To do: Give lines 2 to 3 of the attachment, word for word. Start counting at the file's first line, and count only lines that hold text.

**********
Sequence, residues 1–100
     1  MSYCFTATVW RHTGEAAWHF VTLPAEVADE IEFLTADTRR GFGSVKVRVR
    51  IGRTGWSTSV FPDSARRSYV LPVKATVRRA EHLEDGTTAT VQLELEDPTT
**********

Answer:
     1  MSYCFTATVW RHTGEAAWHF VTLPAEVADE IEFLTADTRR GFGSVKVRVR
    51  IGRTGWSTSV FPDSARRSYV LPVKATVRRA EHLEDGTTAT VQLELEDPTT